Seeking Global Awareness for Millions of Sufferers 

About Dupuytren

(Source:  Dupuytren Research Group

Dupuytren's Disease has many related diseases:  Ledderhose Disease, Peyronie's Disease, Frozen Shoulder and Garrod's Pads.  Each of these related diseases or conditions is explained on separate pages of this website.

Welcome to Our Dupuytren's Disease Support Group

Dupuytren's Disease
Also known as Palmar Fibromatosis
We now know that early intervention brings the best results.

Impact of Dupuytren Disease 
(Source:  Dupuytren Research Group

Imagine the prospect of being unable to use your hands normally to wash, to reach into your pocket, use a keyboard or even shake hands. Imagine this worsening and being told there is nothing you can do to stop this that your only option is a procedure which probably won’t last and might make things worse.

Imagine passing this risk on to your children and to their children. Multiply this by millions, and you’ve still only imagined part of Dupuytren disease.This is an inherited disease spectrum affecting one or more areas including hands (Dupuytren contracture), feet (Ledderhose disease), penis (Peyronie disease), or shoulder (Frozen Shoulder). People with Dupuytren contracture also have greater
risk for other conditions including cardiovascular disease, cancer, and early death.
In the US alone an estimated10 million people are affected

Dupuytren disease is one of a group of diseases which result in fibrosis, or scar tissue where it isn’t needed. Part of the biology of Dupuytren disease overlaps that of other fibrotic conditions including cirrhosis of the liver, pulmonary fibrosis and circulatory problems from arteriosclerosis. Part of the biology overlaps that of some types of cancers.  If the root cause of Dupuytren disease can be understood, it may help physicians and researchers understand these other conditions and develop better treatments for them as well.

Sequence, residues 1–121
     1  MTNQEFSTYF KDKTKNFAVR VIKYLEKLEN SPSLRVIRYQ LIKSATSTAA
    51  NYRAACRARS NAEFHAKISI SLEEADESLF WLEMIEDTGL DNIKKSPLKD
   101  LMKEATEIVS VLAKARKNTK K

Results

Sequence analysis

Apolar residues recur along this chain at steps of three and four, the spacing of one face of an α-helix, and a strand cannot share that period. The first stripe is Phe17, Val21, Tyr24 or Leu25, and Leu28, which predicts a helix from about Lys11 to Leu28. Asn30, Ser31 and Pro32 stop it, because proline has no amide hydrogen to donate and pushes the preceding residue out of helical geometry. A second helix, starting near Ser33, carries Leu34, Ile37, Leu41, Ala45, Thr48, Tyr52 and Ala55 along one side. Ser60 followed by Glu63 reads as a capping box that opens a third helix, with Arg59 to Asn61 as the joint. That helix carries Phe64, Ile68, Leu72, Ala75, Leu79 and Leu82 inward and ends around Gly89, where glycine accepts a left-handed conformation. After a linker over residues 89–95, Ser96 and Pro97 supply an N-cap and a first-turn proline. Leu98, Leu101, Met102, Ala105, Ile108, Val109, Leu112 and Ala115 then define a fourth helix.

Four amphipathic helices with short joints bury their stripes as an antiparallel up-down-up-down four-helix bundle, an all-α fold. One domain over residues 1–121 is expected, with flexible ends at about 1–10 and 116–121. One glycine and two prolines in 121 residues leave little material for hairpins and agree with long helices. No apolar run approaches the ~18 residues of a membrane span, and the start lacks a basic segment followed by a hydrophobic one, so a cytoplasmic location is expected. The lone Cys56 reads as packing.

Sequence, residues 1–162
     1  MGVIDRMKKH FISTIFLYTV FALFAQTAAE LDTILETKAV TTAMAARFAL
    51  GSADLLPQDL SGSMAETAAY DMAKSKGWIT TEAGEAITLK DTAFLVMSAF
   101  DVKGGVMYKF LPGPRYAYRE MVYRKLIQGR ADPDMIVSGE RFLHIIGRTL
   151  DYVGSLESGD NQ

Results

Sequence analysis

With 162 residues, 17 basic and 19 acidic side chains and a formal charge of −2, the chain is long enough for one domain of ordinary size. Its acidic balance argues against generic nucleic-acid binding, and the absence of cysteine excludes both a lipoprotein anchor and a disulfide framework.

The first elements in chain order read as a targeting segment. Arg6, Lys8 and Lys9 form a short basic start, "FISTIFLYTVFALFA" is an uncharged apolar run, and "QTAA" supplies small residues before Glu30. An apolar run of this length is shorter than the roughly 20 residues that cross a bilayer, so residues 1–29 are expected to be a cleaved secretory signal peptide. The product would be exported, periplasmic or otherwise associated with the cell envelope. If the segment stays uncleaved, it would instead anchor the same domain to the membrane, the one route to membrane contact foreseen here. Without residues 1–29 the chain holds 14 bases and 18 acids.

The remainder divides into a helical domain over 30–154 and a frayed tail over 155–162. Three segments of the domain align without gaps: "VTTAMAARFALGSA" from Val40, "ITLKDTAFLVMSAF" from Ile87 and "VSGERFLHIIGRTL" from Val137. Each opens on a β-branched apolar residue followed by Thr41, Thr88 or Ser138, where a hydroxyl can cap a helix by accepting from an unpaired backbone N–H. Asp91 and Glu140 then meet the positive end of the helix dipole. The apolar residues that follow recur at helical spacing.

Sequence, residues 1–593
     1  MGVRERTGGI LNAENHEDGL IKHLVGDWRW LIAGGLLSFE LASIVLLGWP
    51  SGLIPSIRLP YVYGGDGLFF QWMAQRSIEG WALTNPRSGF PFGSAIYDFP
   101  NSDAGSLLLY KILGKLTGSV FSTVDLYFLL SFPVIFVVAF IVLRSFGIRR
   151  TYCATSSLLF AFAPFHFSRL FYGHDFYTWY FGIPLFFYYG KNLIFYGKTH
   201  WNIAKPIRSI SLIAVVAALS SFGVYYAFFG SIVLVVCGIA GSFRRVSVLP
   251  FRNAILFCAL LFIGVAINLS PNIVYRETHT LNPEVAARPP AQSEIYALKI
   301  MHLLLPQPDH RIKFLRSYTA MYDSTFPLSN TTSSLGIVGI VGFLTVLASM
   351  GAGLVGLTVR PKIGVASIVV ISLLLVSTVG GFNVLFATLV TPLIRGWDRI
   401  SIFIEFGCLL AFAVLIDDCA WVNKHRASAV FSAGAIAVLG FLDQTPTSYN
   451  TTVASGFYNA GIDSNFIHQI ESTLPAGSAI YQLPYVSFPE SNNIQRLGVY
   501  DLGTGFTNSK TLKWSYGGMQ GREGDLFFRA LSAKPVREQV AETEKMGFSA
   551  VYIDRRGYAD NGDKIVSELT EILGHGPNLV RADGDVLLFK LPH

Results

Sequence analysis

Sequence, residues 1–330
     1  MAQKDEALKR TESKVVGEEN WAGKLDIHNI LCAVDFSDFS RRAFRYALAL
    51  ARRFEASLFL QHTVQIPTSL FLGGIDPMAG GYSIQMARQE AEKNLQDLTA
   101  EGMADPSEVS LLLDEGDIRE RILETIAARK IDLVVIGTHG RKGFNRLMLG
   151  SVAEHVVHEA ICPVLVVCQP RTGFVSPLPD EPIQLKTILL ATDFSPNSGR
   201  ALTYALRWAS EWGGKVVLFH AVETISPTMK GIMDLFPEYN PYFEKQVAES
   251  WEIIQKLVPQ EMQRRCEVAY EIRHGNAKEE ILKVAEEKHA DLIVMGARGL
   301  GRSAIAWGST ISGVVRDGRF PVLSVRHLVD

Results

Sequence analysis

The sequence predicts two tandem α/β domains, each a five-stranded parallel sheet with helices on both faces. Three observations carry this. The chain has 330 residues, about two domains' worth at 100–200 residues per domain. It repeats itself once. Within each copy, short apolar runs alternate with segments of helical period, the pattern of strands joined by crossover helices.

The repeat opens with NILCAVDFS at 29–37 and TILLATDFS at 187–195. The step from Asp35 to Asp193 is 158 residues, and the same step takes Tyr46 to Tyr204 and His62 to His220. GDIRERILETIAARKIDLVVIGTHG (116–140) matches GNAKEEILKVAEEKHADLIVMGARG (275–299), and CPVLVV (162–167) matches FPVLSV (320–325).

Dupuytren’s contracture is a benign condition which causes a tightening of the flesh beneath the skin of the palm and can result in permanently bent fingers. There is a sheet of tissue just under the skin of the palm which is stuck to the under surface of the skin of the palm. This layer, called fascia, reinforces the skin of the palm. The medical definition of Dupuytren’s is a specific condition characterized by proliferation of contractile, fibroblastic cells involving the palmar fascia of the hand. It is chronic and progressive. Involved areas show microscopic inflammation, similar to that seen in wound healing and some types of cancer, as though the body were healing a deep wound beneath the skin.